Republican Senator Ted Cruz of Texas is getting mocked online yet again, this time for comments he made exactly one year ago.
Back in July of 2020, the Republican party was following the lead of former President Donald Trump in downplaying the virus that's gone on to kill more than 600 thousand Americans. They railed against basic pandemic safety guidelines and insisted the virus was little more than a terrible flu.
Cruz—being one of Trump's most loyal sycophants despite their bitter rivalry in the 2016 Republican primaries—was one of those conservatives, insisting Democrats were overblowing the virus for political purposes.
On July 22, 2020, Cruz said of the pandemic:
"If it ends up that Biden wins in November -- I hope he doesn't, I don't think he will -- but if he does, I guarantee you the week after the election, suddenly all those Democratic governors, all those Democratic mayors, will say, 'Everything's magically better. Go back to work. Go back to school. Suddenly all the problems are solved.'
You won't to have to wait for Biden to be sworn in. All they'll need is Election Day and suddenly their willingness to just destroy people's lives and livelihoods, they will have accomplished their task. That's wrong. It's cynical. And we shouldn't be a part of it."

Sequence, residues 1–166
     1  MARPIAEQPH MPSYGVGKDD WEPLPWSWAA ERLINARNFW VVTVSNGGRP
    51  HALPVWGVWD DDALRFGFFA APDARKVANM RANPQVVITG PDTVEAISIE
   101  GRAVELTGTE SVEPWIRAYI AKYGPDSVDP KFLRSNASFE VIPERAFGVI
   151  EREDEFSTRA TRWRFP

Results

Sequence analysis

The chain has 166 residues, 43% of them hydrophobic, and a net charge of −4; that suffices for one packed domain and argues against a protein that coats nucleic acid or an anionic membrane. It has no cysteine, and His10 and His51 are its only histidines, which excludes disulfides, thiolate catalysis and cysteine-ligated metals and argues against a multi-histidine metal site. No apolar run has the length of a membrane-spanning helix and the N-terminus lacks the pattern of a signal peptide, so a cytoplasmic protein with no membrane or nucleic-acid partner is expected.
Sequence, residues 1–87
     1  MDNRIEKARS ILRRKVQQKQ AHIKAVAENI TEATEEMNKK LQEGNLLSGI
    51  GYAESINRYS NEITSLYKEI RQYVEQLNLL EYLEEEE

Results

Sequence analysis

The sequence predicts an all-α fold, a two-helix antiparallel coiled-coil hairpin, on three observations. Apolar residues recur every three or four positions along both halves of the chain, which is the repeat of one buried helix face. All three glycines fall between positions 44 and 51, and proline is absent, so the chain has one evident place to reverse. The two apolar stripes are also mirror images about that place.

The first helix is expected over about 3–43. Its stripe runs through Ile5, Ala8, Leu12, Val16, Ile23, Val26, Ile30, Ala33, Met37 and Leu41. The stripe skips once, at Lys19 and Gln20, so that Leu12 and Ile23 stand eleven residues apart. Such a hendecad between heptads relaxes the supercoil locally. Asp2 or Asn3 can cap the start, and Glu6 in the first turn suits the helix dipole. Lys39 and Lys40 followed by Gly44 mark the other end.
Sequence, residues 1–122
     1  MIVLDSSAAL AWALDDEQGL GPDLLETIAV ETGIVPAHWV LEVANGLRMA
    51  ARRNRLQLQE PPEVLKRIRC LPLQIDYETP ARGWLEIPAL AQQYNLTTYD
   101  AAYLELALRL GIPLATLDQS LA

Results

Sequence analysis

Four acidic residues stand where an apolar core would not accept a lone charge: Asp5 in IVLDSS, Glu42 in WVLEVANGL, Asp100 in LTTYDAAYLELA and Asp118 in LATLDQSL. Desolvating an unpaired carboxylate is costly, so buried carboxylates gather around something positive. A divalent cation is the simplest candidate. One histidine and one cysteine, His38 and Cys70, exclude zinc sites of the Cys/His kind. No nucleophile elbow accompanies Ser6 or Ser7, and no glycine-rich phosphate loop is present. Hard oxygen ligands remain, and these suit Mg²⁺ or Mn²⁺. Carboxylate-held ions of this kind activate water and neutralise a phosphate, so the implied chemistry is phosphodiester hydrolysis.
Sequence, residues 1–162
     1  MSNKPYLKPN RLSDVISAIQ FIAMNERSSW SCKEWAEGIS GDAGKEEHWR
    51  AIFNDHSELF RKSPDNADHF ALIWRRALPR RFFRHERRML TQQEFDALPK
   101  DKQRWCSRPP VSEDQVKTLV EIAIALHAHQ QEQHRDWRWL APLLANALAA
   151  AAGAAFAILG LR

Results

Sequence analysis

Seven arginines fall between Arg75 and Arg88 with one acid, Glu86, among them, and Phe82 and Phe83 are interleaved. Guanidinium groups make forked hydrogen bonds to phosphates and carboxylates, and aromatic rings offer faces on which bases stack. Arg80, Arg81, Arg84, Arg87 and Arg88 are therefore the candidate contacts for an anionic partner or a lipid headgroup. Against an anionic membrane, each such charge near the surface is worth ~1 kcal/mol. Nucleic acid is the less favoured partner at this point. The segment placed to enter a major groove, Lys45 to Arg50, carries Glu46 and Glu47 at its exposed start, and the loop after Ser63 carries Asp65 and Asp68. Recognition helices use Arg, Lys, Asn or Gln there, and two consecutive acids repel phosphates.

Cruz was, of course, wildly wrong.
Biden did, in fact, win in November—despite baseless disputes from Senators like Cruz—but the pandemic was far from over. Cruz insisted that Democrats would lift restrictions before Biden was even sworn in.
On his MSNBC broadcast, host Chris Hayes pointed out just how wrong Cruz was, prompting a response from Cruz himself.
Cruz asked if small businesses in New York and California are largely open now, even though many have been open (with safety protocols in place) since before Election Day. He then alluded to a viral fabricated tweet from Congresswoman Alexandria Ocasio-Cortez (D-NY) claiming businesses needed to be closed until the election. Ocasio-Cortez never tweeted this.
One year later, on Thursday, people reminded Cruz of his incorrect prediction.
People weren't buying his attempts at justifying himself.
Probably best to take further predictions from Cruz with a grain—or shaker—of salt.